France have called for World Rugby to investigate a photo of referee Jaco Peyper in which he appears to mock the elbow to the head that turned the World Cup quarter-final in Wales’ favour.
Peyper sent off Sebastien Vahaamahina off for his mindless violent act early in the second half of Sunday’s 20-19 World Cup quarter-final defeat by Wales.
In full view of Oita Stadium, the Clermont lock struck Aaron Wainwright flush on the jaw while France staged an attacking maul, leaving Peyper to make one of the easier decisions of his career.
But the South Africa official has now invited controversy on to himself after a picture emerged on social media seeming to show him posing with Welsh fans and playfully landing an elbow on to the head of one.
“This photo if it is true is shocking and explanations will be necessary,” French Rugby Federation vice president Dr Serge Simon said on Twitter.
“As much as Vahaamahina deserves his red card, Jaco Peyper deserves to stop officiating in the World Cup after that. He can celebrate his match but this joke is unworthy of a referee,” one fan wrote on Twitter.
“Card fully justified, but after this photo I do wonder about the impartiality of the man in black,” another one added.
Jaco Peyper dans un bel hommage à Vahaamahina. Photo de Fabien Heuzé pic.twitter.com/g5vo93413s
— Arnaud Coudry (@ArnaudCoudry) October 20, 2019
Wales coach Warren Gatland and his France counterpart Jacques Brunel both endorsed Peyper’s decision to issue the eighth red card of Japan 2019.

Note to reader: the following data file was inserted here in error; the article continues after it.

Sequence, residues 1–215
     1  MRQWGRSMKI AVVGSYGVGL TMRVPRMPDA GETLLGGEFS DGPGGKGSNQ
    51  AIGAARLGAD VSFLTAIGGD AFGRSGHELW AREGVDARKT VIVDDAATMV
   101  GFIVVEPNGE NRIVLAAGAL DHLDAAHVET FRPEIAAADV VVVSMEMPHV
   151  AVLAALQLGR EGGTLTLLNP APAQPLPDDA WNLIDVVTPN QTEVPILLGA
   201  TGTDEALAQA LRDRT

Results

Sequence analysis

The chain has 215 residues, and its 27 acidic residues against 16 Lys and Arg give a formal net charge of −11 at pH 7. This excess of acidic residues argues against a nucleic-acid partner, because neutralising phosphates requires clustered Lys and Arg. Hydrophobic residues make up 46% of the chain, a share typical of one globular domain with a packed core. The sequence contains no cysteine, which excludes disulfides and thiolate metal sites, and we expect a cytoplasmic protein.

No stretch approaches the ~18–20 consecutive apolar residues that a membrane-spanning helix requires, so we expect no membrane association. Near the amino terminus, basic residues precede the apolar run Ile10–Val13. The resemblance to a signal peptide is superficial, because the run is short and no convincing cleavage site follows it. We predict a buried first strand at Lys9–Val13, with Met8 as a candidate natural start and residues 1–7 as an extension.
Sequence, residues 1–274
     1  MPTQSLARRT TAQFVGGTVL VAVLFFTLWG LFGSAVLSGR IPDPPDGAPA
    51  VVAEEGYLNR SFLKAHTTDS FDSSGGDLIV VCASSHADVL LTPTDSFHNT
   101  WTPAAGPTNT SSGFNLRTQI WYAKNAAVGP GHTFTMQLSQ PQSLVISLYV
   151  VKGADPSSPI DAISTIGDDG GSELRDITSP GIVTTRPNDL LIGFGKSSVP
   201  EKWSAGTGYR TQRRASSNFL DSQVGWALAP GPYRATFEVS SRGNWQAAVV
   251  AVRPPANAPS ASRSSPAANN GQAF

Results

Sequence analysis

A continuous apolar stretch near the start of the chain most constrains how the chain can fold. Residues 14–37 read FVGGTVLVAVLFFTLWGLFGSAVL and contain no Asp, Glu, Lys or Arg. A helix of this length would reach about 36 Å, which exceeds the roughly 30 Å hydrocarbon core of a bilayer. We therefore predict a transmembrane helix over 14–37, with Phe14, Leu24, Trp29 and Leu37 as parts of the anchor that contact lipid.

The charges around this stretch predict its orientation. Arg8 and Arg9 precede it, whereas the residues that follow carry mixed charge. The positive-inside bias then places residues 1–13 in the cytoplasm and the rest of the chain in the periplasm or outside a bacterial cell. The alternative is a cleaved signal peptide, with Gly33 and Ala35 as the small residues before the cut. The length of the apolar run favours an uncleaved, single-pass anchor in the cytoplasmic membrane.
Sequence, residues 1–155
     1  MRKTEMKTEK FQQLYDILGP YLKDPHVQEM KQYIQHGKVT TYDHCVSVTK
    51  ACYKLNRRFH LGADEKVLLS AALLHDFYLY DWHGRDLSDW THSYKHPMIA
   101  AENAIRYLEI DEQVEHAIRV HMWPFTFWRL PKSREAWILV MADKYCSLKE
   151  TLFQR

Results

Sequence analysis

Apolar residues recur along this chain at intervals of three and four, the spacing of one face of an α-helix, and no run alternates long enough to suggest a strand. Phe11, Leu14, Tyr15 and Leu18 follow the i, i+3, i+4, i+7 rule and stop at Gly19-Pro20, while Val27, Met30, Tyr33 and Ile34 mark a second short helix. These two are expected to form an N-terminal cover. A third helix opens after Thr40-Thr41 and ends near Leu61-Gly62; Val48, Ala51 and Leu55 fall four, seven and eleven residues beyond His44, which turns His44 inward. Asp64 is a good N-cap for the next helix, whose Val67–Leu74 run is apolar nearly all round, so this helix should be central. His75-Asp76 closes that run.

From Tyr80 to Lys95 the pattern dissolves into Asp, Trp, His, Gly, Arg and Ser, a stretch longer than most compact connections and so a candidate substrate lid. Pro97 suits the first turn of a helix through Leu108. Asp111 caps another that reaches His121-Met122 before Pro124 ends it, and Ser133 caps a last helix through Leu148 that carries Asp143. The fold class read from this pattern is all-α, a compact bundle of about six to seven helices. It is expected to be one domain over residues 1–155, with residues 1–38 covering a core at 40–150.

The 28-year-old forward, scorer of his side’s opening try, spent the rest of the game sat on the bench with his hands on his head.
“The officials dealt with it appropriately. I don’t think anyone could complain about that. The right decision was made,” Gatland said.
“Rugby is heat of the moment stuff and he made an error of judgement. When you have got a lot of testosterone involved in some pretty high intensity games, that will sometimes happen. He’s made a poor decision.”
Brunel agreed that Vahaamahina deserved to be dismissed.
“The red card I don’t contest – when you see the images it’s very clear. He did have contact with the face so we can’t deny that,” Brunel said.
“Of course it changed the game. When you’re playing half the match with 14 men it’s difficult.”
World Rugby have announced that Vahaamahina will face a disciplinary hearing on Thursday following his dismissal.
He will appear before an independent judicial committee chaired by England’s Mike Hamlin.
Gatland, meanwhile, is looking ahead to the semi-final against South Africa with a team he claims never know they are beaten, even when playing as poorly as they did on Sunday.
“It was another example of us forgetting how to lose,” added Gatland, whose 12-year tenure as head coach looked to be ending with a disappointing defeat.
“Our players never give up, they just keep on fighting to get the result.
“The red card was significant but it sometimes galvanises teams as well. But,hats off to France, they were unlucky.
“It’s ironic that the last time we met in the World Cup the result hinged on a red card. I was nervous and was preparing what I was going to say.
“We didn’t play as well as we can but now we can prepare for the semi-final. Alun Wyn Jones said we were 240 minutes from doing something special. Now we’re 160 minutes and that must leave you excited.”